Dir. Tigmanshu Dhulia. India. 2011.

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“Haasil’ raised many expectations despite it’s shoddy representation and many expected director Tigmanshu  Dhulia to improve over time. But that was not to be. Dhulia’s films be it “haasil’, ‘Charas’ or ‘Just Mohabbat’ have all failed at the box-office and even the critics have moved on in search of more dependable talent.  Nothing much was expected from the medium budget ‘Shagird,’ Dhulia’s fourth in a line-up of promising but typically compromised presentations. The film’s  sole claim to fame is the choosy Nana Patekar  starring in the lead as renegade police officer Hanumanth Singh- A role so very similar to his award winning turn in the Ram Gopal Verma starrer ‘Ab tak Chappan’ that it’s not funny. Tigmanshu Dhulia and Kamal Pandey have collaborated to give us this reedy tale configured in a style that appears snippety and singularly lacking in clarity.

Newly inducted crime branch Police officer (Mohit Ahlawat) finds himself caught up in a cesspool of political machinations and questionable police procedure soon after he walks into his office.

His senior Hanumanth Singh, a celebrated encounter specialist decides to put him through a trail by fire and the rookie finds himself unprepared for what is thrown at him by his boss. Over time and  after several shoot-outs and encounter killings, the equation between the two  officers begins to change. The film tries to explore this change in equation between the two and provides answers as to who comes out trumps in their highly immoral and illegal battle for supremacy.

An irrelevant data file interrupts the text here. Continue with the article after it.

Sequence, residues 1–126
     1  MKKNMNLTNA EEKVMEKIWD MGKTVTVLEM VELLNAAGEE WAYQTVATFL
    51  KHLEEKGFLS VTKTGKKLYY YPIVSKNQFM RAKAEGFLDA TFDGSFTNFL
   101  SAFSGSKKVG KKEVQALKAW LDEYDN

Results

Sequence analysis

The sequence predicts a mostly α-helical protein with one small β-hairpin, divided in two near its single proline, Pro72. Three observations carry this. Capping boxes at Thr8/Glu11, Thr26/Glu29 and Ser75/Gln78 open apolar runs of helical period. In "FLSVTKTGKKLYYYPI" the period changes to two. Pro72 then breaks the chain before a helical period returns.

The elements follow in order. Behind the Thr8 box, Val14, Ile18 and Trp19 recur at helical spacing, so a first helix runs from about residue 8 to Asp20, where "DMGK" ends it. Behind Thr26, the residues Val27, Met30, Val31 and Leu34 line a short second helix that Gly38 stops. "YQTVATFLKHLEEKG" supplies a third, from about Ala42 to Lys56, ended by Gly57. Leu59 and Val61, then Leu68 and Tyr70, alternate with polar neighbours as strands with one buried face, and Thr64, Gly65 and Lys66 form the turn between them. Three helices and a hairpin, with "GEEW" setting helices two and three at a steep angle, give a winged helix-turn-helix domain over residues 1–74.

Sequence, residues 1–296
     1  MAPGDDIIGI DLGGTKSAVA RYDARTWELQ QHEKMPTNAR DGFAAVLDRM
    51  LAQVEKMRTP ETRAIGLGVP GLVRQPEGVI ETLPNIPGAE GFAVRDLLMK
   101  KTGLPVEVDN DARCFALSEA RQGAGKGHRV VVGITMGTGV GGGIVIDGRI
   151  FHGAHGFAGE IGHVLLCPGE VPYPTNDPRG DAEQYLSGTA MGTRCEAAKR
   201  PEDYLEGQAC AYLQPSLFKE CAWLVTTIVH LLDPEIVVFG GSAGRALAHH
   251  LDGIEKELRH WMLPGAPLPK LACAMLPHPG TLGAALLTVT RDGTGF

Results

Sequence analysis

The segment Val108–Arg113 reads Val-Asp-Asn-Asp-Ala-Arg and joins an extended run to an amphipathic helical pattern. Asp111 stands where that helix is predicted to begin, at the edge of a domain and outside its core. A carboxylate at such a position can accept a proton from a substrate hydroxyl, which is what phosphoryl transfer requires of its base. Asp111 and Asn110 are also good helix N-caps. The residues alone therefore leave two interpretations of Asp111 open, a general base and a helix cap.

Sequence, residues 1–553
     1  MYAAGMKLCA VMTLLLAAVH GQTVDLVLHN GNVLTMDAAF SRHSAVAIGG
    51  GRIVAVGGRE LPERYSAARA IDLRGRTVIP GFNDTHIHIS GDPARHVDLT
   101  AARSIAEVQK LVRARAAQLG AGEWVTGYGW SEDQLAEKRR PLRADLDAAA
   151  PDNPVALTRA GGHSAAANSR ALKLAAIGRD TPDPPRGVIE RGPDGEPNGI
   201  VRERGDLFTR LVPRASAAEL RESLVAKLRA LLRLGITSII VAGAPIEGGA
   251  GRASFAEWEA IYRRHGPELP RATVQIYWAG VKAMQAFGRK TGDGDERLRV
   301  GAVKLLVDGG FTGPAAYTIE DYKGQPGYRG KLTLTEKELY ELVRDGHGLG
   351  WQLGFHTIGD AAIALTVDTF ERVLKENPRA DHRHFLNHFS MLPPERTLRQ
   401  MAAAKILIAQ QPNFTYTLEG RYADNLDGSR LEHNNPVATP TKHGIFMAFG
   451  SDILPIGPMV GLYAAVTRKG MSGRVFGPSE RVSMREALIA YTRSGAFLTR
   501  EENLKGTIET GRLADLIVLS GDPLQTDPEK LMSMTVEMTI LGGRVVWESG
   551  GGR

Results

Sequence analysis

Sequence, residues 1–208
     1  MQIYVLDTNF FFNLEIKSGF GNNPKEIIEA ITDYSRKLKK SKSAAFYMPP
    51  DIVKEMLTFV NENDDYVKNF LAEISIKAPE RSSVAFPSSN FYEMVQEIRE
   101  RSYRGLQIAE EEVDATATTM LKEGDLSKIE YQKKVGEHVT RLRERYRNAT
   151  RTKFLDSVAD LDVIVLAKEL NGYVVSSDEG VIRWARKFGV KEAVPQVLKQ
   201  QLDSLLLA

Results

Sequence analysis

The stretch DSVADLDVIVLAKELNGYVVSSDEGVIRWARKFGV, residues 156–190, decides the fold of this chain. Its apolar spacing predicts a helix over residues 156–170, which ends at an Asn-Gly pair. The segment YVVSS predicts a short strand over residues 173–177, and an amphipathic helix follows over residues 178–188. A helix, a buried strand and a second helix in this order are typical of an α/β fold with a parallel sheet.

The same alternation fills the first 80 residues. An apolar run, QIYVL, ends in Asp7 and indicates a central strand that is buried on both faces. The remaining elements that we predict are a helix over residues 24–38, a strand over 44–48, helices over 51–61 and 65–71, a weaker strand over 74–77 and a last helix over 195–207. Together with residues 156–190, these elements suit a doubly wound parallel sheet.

Tigmanshu Dhulia’s narrative fails to provide a proper set-up and the development is also pretty weak and unconvincing.  Notorious gangster and political henchman, Bunty Bhaiyya(Anurag Kashyap)  whose character appears to be a dead-ringer for Raju Bhaiya, is integral to the plot. Hiis capture by the police at a wayside tea stall is smartly engineered  and scenes dealing with his incarceration  sharpen the insight into the politician-criminal-police nexus.  But the narrative begins to  lose connect in the first few  minutes itself when Hanumanth Singh is shown parlaying  for a greater cut, with a wily Foreign Minister wannabe. Each character is hell-bent on lining his pockets with as much wealth as he can. Everyone is corrupt here so it becomes doubly difficult to empathise with any single character in the film.

As the narrative plods along, the plot gets thicker and murkier. By then the body count has also risen a hundred fold. Three reporters are taken hostage by an  International terrorist outfit and one of them is even bumped off.  The narrative gets more and more convoluted and farfetched. There is little logic for what turns up on screen here. Hanumanth Singh  is debauched, cynical and corrupt and he is a calculated cold-blooded killer himself-albeit of criminals. He doesn’t suffer remorse for what he does so there appears  to be no difference between him and the people he is crusading against.  We never know why he is that way. So why should we care?

Rating:  * 

Johnson Thomas

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